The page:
In the first attempt 24 IRAS sources were selected (at FCRAO) from the pilot survey data, according to flux values at 60 and 100 microns, and the CO, HI, and 21 cm continuum emission images were examined. Mark Heyer assembled the four 1x1 deg. images, centred on the IRAS positions. A candidate is expected to be associated with a CO cloud, and have no (or at most weak) continuum emission. Several IRAS sources fit nicely into this category, but identifying any associated HI emission is the difficult part. None of the candidates stands out as having definite HI emission associated with it. Further analyses will have to consider different velocity ranges over which to integrate the CO and HI, and perhaps involve differencing between on and off source to try to detect HI.
The prototype for this proposed class of objects, IRAS 23545+6508 (Dewdney et al 1991 ApJ 370,243) is a strong infrared source with IRAS colours falling within the Hughes & MacLoed (1989) criteria for HII regions. It had no continuum counterpart on the DRAO images and most importantly it had an associated smudge of HI emission. With this in mind, Magdalen undertook a search starting with the IRAS point source catalogue, selecting those sources with the colours of HII regions and sufficiently high 100 micron flux. This is followed by looking for counterparts in the 1420 MHz continuum images (if it has a corresponding compact source then it's not a dissociating star; there's too much ionized gas). For those IR sources without continuum counterparts the HI cube is searched for an HI smudge at that position and, when available, CO maps are also consulted. So far, not so good. The A mosaics have been attacked in this manner to no avail. There are 11 sources with appropriate IRAS colours, 7 of which have no associated radio continuum compact source, and none of these has an associated HI smudge. A similar approach applied to the pilot data had equally disappointing results. How sad. Was the estimate for the number of dissociating stars put forth by the authors of the prototype paper excessive? We shall find out: the search continues.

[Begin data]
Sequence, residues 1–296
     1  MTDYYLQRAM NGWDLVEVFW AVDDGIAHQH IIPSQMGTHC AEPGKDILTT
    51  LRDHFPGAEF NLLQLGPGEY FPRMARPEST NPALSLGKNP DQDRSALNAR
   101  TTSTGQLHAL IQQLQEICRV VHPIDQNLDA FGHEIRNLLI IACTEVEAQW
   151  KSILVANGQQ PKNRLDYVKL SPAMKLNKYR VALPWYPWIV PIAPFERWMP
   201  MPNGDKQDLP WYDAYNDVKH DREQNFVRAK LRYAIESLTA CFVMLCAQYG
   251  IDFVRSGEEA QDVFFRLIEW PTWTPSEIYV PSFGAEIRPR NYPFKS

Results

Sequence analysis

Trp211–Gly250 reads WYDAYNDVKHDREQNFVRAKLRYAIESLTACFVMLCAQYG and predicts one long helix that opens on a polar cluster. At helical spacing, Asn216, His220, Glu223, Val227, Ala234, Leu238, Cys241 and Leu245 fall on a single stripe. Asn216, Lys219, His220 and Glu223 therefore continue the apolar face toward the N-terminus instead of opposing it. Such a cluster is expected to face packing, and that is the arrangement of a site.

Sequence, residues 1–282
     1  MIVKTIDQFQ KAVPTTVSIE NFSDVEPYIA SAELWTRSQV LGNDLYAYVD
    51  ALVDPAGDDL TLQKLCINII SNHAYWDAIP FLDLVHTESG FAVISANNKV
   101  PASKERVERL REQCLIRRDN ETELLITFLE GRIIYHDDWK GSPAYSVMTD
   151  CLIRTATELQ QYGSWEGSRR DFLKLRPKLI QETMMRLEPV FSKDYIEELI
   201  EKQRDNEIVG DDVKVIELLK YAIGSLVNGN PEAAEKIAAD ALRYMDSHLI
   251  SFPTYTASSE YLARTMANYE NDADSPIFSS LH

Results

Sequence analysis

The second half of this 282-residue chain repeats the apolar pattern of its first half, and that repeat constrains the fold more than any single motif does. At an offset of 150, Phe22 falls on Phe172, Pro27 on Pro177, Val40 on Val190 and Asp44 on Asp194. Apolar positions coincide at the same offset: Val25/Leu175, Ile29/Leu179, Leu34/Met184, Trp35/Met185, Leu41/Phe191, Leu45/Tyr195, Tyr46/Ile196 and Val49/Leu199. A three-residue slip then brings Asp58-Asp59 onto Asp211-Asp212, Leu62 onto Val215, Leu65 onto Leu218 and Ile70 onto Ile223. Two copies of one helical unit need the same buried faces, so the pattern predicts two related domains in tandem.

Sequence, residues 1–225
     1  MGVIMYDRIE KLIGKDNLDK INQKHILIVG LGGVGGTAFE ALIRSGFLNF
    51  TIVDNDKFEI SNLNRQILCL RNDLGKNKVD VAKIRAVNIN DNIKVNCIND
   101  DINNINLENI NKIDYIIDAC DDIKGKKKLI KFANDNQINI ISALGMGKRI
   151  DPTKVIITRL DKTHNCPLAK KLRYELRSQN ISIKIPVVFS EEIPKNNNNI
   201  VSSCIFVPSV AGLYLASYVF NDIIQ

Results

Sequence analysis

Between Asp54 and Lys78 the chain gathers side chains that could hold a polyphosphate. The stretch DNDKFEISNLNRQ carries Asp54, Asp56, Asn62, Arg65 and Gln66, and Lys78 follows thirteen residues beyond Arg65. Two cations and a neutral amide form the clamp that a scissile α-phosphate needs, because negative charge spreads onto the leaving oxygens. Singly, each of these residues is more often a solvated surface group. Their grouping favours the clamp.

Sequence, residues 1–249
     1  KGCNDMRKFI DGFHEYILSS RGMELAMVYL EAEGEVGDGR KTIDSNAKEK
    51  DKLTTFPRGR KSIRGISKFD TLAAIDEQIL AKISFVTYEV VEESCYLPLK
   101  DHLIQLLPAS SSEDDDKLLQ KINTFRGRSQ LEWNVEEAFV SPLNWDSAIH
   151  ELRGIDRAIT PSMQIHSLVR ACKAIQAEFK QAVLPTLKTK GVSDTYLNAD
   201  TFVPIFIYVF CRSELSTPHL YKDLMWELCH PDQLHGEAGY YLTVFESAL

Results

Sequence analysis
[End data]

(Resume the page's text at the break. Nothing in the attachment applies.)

Once we have a few good candidates, further progress will presumably involve observations with the VLA in order to obtain more sensitive values for emissions from continuum and HI.